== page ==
My hunch is that historians will be a lot kinder to President Obama than we are in 2014. We’ve had presidents who have faced major-league crises — think Lincoln in 1861 or FDR as he battled both The Great Depression and the expansion of fascist Germany and Japan. However few presidents have faced so many crises at the same time.

President Obama not only has to balance an expanding economy emerging from recession while controlling interest rates that, should they rise too fast, will plunge us back into recession. He needs to deal with foreign crises in Gaza and in Libya, both of which are on the brink of becoming failed states. He needs to deal with the Iranian nuclear program without starting an un-winnable war, address the conflict in Ukraine, and he faces increasing pressure to contain China as it exerts pressure on its neighbors in Southeast Asia.

Then there is the mess in North Korea, and also the barbaric behavior of a powerful — yes, powerful — Islamic State (ISIS) that advertises its godliness by beheading western reporters and thousands of Muslims who don’t buy into its own brand of Islam.

Not to mention that if the Islamic state continues to expand, it will destabilize the entire middle east.

Finally, there is Syria, still convulsed by civil war, where President Obama said nearly three years ago that the use of poison gas would constitute a "red line." What would happen if Syria’s president, Bashir Assad, crossed that red line? Presumably, the U.S. would militarily support the democratic opposition to Assad.

And yet the U.S. did not act when it became clear that the Syrian government used chemical weapons against its own population in clear violation of international law. We did not send soldiers to punish Assad. We did not meaningfully aid the Syrian opposition.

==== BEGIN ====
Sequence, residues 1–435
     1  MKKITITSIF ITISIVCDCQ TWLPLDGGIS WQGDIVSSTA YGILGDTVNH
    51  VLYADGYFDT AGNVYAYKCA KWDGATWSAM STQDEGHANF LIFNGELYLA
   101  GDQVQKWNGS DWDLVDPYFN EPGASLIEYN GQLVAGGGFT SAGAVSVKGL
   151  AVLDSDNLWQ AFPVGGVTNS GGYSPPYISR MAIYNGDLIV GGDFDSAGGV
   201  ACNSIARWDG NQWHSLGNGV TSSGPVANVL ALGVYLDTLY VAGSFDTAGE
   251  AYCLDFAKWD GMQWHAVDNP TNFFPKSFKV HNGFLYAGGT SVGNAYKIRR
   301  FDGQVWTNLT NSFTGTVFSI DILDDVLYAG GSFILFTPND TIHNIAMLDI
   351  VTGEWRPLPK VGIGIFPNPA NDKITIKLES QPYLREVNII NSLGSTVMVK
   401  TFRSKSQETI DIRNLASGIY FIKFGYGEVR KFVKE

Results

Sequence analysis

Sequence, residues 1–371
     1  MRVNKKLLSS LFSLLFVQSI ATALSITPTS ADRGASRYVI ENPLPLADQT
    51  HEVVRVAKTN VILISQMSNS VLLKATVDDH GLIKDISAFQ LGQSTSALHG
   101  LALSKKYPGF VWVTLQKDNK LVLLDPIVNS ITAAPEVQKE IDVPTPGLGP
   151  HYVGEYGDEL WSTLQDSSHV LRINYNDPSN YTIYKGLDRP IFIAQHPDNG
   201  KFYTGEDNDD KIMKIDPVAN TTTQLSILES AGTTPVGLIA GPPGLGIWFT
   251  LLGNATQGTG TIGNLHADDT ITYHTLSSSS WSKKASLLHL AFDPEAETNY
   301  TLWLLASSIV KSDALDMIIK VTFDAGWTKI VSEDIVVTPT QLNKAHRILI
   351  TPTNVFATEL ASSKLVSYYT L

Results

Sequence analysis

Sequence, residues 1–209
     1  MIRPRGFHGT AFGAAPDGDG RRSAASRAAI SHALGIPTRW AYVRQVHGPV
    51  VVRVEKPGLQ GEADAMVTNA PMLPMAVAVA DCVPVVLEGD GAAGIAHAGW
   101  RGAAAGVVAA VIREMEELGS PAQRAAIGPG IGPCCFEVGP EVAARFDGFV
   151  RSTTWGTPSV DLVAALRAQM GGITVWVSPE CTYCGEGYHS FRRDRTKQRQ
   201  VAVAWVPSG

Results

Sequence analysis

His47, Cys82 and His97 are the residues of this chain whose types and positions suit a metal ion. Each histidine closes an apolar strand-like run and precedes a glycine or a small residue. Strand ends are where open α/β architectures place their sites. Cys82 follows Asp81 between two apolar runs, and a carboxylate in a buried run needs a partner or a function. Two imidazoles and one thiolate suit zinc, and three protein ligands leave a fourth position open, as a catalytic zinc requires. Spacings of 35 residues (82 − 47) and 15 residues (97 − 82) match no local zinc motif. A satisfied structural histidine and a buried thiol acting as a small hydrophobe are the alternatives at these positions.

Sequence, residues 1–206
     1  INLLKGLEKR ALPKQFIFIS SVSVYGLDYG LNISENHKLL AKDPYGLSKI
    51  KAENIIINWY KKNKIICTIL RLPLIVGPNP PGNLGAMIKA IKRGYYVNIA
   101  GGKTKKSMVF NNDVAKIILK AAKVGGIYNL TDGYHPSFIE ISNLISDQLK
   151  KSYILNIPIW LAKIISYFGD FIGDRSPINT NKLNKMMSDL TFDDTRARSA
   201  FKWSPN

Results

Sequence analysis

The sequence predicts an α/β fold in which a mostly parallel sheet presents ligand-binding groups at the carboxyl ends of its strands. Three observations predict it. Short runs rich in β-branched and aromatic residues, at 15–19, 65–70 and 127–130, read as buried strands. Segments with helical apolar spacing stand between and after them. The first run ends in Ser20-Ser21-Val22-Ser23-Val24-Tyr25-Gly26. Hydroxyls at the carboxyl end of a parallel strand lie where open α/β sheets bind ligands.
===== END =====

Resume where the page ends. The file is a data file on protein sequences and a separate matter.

And so we damn Obama for making empty threats and for his inaction.

Well, it’s easy to criticize, but few of us bother to ask why President Obama refused to aid the democratic opposition to Assad. In one of the better opinion pieces I’ve read in the past year, columnist Thomas Friedman in the New York Times addressed this issue by posing a few good questions:

1. Can anyone reading this op ed name the leader of the Syrian opposition? The answer is "no," and that’s because the moderate opposition to Assad lacks effective leaders.

2. Why have the Israelis sat on their hands during the Syrian civil war? Because they realize that the alternative to the hated Assad is likely to be even worse than Assad.

3. Why have thousands of Islamic jihadi’s from Europe and even from the U.S. joined the bad guys, but not one has joined the democratic opposition?

4. Might Syrian moderates and democrats have defeated their Islamic rivals when the richest oil monarchies like Saudi Arabia and Qatar are funding the fundamentalist radicals in Syria? The answer has two letters, one of which is "n" and the other "o."

5. Knowing that our support for the "moderate" Shi’ite opponents of Saddam Hussein’s Iraq led to a repressive regime much more closely allied to Iran than to the U.S. once we withdrew our troops, why should we believe that the outcome would be different in Syria?

In short, Friedman — and Obama — are right to think that caution is in order. It’s easy to get into wars. It’s a lot more difficult to get out of them. American isolationists like Rand Paul are delusional to think that we can simply walk away from the mideast. Equally delusional are those who think the U.S. can unilaterally reorder the region. There are limits to American power, and Obama understands this better than most of his critics.

Gary Ostrower teaches diplomatic history at Alfred University. He is the author of The United Nations and the United States" (Twayne Publishers).